Saturday, October 6, 2012

Why is geothermal energy renewable source of energy?

Geothermal energy is renewable source of energy because Earth's heat is being constantly replenished.

The earth's heat mostly originates from the radioactive decay of elements such as uranium.

Geothermal energy is environmentally friendlier than fossil fuels because it is connected with far less greenhouse gas emissions. The average geothermal power plant emits in average 122 kg of CO2 per megawatt-hour of electricity, which is negligible amount compared to fossil fuels fired power plants.

Geothermal energy is very abundant source of energy with excellent potential.

Geothermal energy can improve our energy security and energy independence because by using more geothermal energy we would need to import less foreign oil and other expensive fuels.

U.S. leads the world in geothermal energy development.

California is nation's geothermal energy leader.

Geothermal energy is found along major plate boundaries where earthquakes and volcanoes are concentrated.

The first geothermal power plant was built in Landarello, Italy in 1904.

The largest geothermal power plant complex in the world is located at the Geysers, California.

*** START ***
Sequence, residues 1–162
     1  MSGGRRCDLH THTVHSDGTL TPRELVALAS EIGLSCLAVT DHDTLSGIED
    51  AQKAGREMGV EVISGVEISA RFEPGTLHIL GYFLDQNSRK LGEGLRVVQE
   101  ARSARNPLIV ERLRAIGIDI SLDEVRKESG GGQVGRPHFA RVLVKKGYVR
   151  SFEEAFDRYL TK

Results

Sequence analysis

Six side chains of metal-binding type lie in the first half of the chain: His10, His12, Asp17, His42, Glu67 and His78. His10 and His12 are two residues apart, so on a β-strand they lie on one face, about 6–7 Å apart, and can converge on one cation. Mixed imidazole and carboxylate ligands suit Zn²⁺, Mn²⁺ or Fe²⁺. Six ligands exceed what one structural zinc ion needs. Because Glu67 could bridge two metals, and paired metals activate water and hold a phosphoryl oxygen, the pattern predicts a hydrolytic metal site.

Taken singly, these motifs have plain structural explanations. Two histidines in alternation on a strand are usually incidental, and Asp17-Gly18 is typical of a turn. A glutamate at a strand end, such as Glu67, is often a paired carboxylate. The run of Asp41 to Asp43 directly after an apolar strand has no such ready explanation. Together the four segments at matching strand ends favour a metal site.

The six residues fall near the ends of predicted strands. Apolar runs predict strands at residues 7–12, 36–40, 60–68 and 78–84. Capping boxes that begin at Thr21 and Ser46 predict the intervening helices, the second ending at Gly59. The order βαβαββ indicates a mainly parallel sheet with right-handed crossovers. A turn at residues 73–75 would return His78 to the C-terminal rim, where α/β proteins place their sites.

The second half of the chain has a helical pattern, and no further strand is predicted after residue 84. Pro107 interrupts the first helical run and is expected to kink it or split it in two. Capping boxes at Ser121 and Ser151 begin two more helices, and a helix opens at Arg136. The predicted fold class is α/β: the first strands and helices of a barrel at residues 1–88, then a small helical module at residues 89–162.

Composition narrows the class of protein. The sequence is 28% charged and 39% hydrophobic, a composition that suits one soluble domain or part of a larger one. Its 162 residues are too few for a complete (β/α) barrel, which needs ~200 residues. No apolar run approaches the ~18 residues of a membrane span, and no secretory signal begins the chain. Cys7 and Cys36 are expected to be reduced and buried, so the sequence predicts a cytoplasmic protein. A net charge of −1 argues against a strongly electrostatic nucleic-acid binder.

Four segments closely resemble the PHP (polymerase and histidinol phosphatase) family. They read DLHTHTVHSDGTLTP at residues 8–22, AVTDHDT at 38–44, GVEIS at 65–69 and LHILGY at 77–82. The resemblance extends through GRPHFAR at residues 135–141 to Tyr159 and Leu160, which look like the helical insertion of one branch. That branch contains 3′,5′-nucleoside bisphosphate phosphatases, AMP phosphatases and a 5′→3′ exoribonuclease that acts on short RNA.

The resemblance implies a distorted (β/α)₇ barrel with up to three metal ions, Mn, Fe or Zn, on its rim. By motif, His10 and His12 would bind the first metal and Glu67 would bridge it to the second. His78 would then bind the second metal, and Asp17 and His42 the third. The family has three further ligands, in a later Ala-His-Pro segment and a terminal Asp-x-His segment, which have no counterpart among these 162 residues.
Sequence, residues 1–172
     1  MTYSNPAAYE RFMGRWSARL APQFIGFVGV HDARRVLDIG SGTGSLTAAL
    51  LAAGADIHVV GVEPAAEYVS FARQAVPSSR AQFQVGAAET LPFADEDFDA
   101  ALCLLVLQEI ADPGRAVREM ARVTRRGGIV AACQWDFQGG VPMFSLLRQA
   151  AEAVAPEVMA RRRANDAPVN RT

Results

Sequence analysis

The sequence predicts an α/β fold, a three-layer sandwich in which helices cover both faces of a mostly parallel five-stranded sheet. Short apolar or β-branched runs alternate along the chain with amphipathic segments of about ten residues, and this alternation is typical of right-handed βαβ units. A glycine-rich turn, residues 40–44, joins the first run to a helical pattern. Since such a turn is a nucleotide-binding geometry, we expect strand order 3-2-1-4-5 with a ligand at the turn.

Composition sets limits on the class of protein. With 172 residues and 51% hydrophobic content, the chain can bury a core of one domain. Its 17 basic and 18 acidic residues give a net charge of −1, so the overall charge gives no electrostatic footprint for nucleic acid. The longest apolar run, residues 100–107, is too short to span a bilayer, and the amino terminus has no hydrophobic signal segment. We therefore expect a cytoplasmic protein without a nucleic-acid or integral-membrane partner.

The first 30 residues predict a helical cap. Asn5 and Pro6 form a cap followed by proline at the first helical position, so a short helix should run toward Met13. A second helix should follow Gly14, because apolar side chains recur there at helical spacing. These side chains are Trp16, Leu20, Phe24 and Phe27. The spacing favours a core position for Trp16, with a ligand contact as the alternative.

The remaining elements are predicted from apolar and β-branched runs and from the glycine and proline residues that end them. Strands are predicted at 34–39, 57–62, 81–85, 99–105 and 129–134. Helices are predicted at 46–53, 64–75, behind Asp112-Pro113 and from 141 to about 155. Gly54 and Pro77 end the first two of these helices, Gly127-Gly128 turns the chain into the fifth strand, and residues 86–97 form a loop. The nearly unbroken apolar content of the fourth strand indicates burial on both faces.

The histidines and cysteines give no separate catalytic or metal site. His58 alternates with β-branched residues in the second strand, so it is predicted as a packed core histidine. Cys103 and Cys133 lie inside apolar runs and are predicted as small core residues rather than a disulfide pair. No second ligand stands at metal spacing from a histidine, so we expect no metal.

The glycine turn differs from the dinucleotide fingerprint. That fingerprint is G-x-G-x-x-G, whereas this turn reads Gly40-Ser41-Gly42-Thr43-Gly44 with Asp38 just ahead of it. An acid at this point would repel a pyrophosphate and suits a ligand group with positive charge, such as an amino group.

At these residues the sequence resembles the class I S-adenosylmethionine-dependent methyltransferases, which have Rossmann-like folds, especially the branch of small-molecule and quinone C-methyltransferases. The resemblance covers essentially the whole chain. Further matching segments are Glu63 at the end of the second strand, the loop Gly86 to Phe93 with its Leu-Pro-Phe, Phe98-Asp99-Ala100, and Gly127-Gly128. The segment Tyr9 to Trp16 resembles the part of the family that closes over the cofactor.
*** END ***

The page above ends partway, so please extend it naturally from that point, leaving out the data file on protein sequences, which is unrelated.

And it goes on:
Geothermal power plants are currently commercially viable only in areas on the edges of tectonic plates. The further technological improvement, especially regarding drilling, should help expand areas where geothermal power plants could be viable to build.

Geothermal power plants have high upfront costs, mostly because drilling is extremely expensive process.

Geothermal power plants need to be carefully built in order not to affect the stability of land because this could lead to earthquakes.

Geothermal power plants do not require large areas to be built, and have small water requirements when compared with many other energy sources.

Geothermal power plants, once constructed, have very low maintenance costs.

Geothermal power plants have a lifespan of 30+ years.

Geothermal energy is not only used to create electricity, it is far more used for heating purposes (geothermal heat pumps).

In 2010, the price of a geothermal heat pump system for average home was around $7,500 (drilling excluded).

Geothermal energy is more expensive energy source when compared to fossil fuels but is cheaper than solar energy.

Geothermal energy doesn't depend on weather like this is the case with wind and solar. Earth's heat is available 24-7, in all seasons of the year.

Geothermal power plants are very efficient with a load factor of almost 90%.

In 2010, United States had 77 geothermal power plants operating, producing more than 3000 MW.

Geothermal energy is still less attractive to investors than solar and wind that attract the lion's share of total renewable energy investment.

Geothermal energy currently satisfies only around 0,3% of worldwide electricity demand.

Geothermal power plants are currently operating in just 24 countries of the world.